Episode 49: Barbarians at the Gates

Following the bloody struggle between the eight princes, the Jin Dynasty lies in tatters. Into the void will step five non-Chinese tribes, initially led by the ancient enemy of China, the Xiongnu.

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2 thoughts on “Episode 49: Barbarians at the Gates

  1. Gee, the disorders of Wei and Jin, a period every middle school history teacher tries to gloss over. Safe to say that a lot more than half of college graduates have little idea what went on in this period. In fact, I believe that even dynasty and kingdom names in this period have never been required for at least half of contenders of the Chinese college admission exams. (For others who do not know, China’s high school students are forced to enter one of two distinct tracks, one heading into humanities, one into science and engineering. The two are considered absolutely diverging.) For me, my terribly cloudy impressions about this period all came from usually vague references in literature and philosophical commentary. Even looking at the dynasty chronicles commonly included in dictionaries, it isn’t all clear that “Wei, Jin, and the Sixteen Kingdoms” are not all that linear. Thanks for straightening story lines and time lines. That the line of Han Chinese is often drawn on cultural differences more than blood is also a shock to me, because in Chinese mind, “Han” (when not used as the dynasty’s name) is a strict ethnic concept, not a reference to nation state or citizenship like Roman and Romans.

    As the subject of “Hu-Han heqin” came up again in this episode, I’d like to verify one common notion. It is widely believed among Chinese that “princesses” sent to Xiongnu (and other barbarian tribes) were not royal by blood, but were court ladies, often royal concubine candidates. The most famous of whom was Wang Zhaojun. As folklore had it, a corrupt court painter painted her ugly for the emperor’s selection of “princess” offering because Zhaojun was too proud to bribe him. During the exit interview, the emperor discovered that she was the most beautiful of all court ladies (and desired to keep her for himself). But it was too late because her name had been announced to the ambassador. Hundreds, if not thousands of literature work must have accumulated in the following 2000 years, describing this as a romance. (Zhaojun, of course, is believed to have a crush on the Son of the Heaven. Until modern feminism creeped in, that is.) Is it true that those princesses were, if not wannabe concubines, at least object of desire of Han emperors?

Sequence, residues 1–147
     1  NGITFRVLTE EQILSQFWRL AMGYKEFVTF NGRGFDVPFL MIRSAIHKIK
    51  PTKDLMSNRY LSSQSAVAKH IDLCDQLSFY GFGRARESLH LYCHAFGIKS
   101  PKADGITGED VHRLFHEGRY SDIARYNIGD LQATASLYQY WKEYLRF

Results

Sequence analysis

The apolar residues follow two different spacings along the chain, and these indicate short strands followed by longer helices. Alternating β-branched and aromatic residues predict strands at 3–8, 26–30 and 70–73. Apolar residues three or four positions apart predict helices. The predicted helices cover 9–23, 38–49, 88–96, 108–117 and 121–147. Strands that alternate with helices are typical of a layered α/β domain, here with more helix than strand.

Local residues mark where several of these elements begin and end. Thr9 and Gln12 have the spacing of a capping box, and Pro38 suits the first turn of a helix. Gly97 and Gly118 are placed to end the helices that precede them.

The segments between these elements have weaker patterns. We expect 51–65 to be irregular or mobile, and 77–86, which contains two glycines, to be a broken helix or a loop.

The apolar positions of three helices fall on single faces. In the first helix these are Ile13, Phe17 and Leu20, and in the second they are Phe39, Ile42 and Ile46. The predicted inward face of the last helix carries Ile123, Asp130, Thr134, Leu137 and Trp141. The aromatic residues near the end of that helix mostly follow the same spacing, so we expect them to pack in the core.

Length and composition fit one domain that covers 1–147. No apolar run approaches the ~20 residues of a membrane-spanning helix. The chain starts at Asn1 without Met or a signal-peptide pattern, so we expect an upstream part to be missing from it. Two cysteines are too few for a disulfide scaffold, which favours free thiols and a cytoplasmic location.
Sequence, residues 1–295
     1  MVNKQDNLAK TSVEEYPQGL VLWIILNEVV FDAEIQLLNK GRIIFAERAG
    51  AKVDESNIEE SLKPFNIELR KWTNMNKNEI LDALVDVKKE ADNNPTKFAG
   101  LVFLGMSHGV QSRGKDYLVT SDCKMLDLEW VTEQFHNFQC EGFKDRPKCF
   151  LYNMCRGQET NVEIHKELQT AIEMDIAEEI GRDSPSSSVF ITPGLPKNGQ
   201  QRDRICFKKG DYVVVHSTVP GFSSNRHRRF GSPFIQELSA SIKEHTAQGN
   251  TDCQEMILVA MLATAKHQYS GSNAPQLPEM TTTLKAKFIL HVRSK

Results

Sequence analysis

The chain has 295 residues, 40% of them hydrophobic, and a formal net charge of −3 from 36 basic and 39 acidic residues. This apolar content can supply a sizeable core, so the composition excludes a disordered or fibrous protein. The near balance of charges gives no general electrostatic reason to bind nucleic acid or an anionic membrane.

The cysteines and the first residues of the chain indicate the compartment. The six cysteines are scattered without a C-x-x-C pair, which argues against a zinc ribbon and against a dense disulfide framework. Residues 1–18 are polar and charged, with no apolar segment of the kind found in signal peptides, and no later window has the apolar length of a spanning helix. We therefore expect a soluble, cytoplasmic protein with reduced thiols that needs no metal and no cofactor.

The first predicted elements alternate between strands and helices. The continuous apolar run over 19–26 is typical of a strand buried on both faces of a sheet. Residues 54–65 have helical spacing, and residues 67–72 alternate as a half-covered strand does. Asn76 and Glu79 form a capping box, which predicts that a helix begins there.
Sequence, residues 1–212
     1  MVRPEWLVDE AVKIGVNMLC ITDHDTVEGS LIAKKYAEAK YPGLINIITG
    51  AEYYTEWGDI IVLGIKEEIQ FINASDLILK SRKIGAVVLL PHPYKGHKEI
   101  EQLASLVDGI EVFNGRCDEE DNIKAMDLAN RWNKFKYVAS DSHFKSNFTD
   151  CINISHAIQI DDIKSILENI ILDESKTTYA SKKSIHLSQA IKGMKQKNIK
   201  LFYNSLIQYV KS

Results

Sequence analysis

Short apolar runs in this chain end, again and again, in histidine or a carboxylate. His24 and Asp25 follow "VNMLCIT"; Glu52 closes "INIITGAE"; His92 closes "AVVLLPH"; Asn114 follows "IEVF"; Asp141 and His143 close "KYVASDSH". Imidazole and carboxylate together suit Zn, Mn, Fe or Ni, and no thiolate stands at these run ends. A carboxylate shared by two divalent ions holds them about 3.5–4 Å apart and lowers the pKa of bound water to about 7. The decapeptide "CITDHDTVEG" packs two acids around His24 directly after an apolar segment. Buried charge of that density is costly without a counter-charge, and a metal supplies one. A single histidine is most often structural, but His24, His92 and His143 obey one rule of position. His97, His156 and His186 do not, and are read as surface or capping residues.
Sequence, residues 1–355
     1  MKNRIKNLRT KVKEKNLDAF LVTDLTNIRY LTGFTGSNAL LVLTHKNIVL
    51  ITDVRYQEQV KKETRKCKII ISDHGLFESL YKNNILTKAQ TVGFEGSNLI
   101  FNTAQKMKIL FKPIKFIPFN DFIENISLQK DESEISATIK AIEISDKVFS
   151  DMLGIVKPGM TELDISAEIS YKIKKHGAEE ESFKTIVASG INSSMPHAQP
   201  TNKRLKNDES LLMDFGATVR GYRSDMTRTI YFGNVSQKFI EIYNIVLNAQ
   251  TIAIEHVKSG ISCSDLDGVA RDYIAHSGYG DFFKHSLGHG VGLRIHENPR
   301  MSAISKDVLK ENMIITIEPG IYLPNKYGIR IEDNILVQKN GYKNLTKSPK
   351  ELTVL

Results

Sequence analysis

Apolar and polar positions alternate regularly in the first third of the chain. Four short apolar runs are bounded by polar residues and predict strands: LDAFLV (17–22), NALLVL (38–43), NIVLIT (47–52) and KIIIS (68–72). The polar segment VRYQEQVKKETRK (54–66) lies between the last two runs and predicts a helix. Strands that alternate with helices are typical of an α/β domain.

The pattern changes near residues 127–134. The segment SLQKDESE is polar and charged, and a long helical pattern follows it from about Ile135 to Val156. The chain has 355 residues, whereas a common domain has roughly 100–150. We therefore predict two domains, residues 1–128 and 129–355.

1. I certainly can’t say I’m surprised that most try to gloss it over… it is a confusing tangle, to be sure, and really took a fair bit of effort to work out who did the what where and when 😉 Suffice it to say, I’m glad that the eight princes are in my rearview mirror! I’ll take 16 kingdoms over that mess anytime!

      Ethnicity is always a… touchy(?)… subject, because it is so central to the individual and cultural identities of most of us. I certainly didn’t mean to imply that the Han Chinese identity is any more (or less) a political/social construct than any other… simply that, as you say it’s often presented as far more blood-related than it really historically seems to be. It’s not super surprising, when looked at in a certain light. Chinese has pretty much always been about integrating and “sinicizing” its neighbors, be they Wu, Xiongnu, Vietnamese, or Joseon. Certainly the “People of the Yellow River Valley” didn’t single-handedly displace all those other peoples through colonization… they just, over a period of time turned “them” into “us.”

      As for the Heqin system, you bring up interesting points… and I have to admit, I’m really not sure how “princess-y” the supposed princesses really were. I remember reading that they tended to be the daughters of imperial princes… but they could well have been concubines. But for their purposes, I supposed what mattered to the Xiongnu Liu Clan was that, in their mind, they *were* descended from the legitimate imperial clan. One might again ascribe the argument to being one based more on the “idea” of blood ties than actual genetics, as we understand that 🙂

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